Because Aron was critical of the western European intellectuals who claimed a preference for Moscow over “Atlanticism” (American involvement in Europe), critical of the lack of political freedom in the communist bloc (“behind the iron curtain”), and critical of destructive (unstructured, undirected revolts) “revolutionary” mass movements (e.g., France 1968), he was often cast as a “conservative,” which he was not. He had seen undisciplined destructive mass movements spinning out of control in Germany in the 1930s, and he feared for any possible repetition of the prior catastrophe after 1945, such as in 1968. He advocated real (versus show) and inclusive (versus racist or oligarchic) parliamentary democratic political structures that allowed its society to progress steadily through its desired (consensus) evolution: “In politics, the choice is never between good and evil, but between the preferable and the detestable.”

Aron’s work, translated to English (perhaps by him as he was a polyglot), is being reprinted by the press of Rutgers University (the university of the state of New Jersey). Unfortunately, from my perspective, the Aron publications are being fronted by right-wing editors and intellectuals, who are drawn to Aron’s erudite high academic style of exposition, and his withering logical positivist criticisms of “communism” (Stalinism and 1950s Eastern Bloc communism) and the strident communisant (“fellow traveller”) stance of French anti-Atlanticists, whose most prominent representative was Jean Paul Sartre. I say unfortunate because prospective American readers might imagine that Aron is some earlier avatar of the current “neo-con” brand of American “conservatism” (the corporatist neo-liberalism of today’s America). Aron was a classical socially conscious liberal, I think of his socialist inclinations as being “mature” rather than “childish.” He preferred to give society political and economic freedom (hence, traditional capitalism would occur, a typical bourgeoisie would exist), but to regulate the economics democratically, and implement socialized programs to ameliorate inequities (i.e., for health, education). He feared violent political radicalism, both because of its many consequent personal tragedies, and because it could take decades for a society to return to a reasonable state of peace and prosperity.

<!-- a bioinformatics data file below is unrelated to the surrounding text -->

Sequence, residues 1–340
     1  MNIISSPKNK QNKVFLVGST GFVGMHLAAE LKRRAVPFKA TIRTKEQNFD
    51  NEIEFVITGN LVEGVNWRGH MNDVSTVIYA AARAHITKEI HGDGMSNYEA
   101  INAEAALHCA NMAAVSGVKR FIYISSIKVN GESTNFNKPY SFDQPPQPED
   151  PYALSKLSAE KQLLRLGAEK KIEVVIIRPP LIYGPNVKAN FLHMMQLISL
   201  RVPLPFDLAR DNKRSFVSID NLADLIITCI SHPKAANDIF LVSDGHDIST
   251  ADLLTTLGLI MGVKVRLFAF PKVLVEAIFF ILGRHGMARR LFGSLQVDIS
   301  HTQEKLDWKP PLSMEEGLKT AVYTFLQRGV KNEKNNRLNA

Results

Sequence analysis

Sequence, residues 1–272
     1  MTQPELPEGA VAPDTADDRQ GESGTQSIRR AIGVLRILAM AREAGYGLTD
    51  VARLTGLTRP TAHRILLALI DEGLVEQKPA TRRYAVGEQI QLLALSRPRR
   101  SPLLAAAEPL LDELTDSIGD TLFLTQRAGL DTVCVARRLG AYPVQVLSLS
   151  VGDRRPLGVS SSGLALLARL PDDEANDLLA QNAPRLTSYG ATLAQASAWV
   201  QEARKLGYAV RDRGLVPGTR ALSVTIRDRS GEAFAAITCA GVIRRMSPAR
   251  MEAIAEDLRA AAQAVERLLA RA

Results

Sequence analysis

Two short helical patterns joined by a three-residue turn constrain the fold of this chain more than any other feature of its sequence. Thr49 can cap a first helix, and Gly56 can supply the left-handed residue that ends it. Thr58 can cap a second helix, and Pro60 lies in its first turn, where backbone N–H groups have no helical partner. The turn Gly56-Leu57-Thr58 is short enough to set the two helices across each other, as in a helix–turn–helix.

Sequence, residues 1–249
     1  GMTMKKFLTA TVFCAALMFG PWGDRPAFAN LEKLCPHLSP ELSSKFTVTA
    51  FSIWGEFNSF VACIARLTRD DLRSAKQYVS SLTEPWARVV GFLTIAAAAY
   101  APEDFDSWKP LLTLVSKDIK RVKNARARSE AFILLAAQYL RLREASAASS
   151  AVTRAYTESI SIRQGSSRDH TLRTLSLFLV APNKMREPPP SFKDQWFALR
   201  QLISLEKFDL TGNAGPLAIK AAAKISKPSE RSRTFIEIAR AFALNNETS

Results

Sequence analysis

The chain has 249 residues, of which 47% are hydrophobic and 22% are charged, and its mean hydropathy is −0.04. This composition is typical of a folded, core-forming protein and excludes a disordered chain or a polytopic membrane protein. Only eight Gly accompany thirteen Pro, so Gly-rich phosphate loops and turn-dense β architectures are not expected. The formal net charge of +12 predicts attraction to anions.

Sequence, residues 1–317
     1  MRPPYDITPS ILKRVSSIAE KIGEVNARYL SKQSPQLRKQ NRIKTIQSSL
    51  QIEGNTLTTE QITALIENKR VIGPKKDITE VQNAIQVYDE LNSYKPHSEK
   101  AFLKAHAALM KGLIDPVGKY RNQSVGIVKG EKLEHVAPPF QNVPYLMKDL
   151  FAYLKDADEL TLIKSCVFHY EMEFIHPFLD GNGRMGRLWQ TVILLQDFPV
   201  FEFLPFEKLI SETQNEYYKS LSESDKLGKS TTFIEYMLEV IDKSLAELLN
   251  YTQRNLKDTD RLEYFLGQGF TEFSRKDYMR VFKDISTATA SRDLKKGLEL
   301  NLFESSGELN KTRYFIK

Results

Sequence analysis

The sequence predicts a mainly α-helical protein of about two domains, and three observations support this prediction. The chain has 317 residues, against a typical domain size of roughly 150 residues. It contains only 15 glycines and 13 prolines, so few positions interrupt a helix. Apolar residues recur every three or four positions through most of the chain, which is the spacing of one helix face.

I recommend anyone interested in politics read Aron, but skip the forwards, introductions, and afterwards by the modern American “conservatives,” or read them only after first reading Aron’s text, so you are instructed by Aron’s insight in deconstructing the agenda of these commentators, rather than being primed by them to interpret Aron as they might wish. Where Aron exposes a weakness in the left canon, as you understood it, take it as an opportunity to refine your political views and make them more realistic — more effective. Our aim should be to gain clearer insight, not to defend a received doctrine against inconvenient facts. I am sure Aron’s aim was not to “destroy the left” (which can be that of the commentators now encrusted onto his books in English), but to improve people’s understanding of their society so they can improve it consensually through their shared democratic institutions.

So today for the Libyans: liberation and joy, a dictator is overthrown; for us comfortable spoiled brats of the world: live and learn, an chance to recast our political ideas more humanely and realistically.

~~~~~~~~~~~~~~~~~~~~~~~~~~~~~~~~~~~~~~~~~~~~~~~~~~~~~~~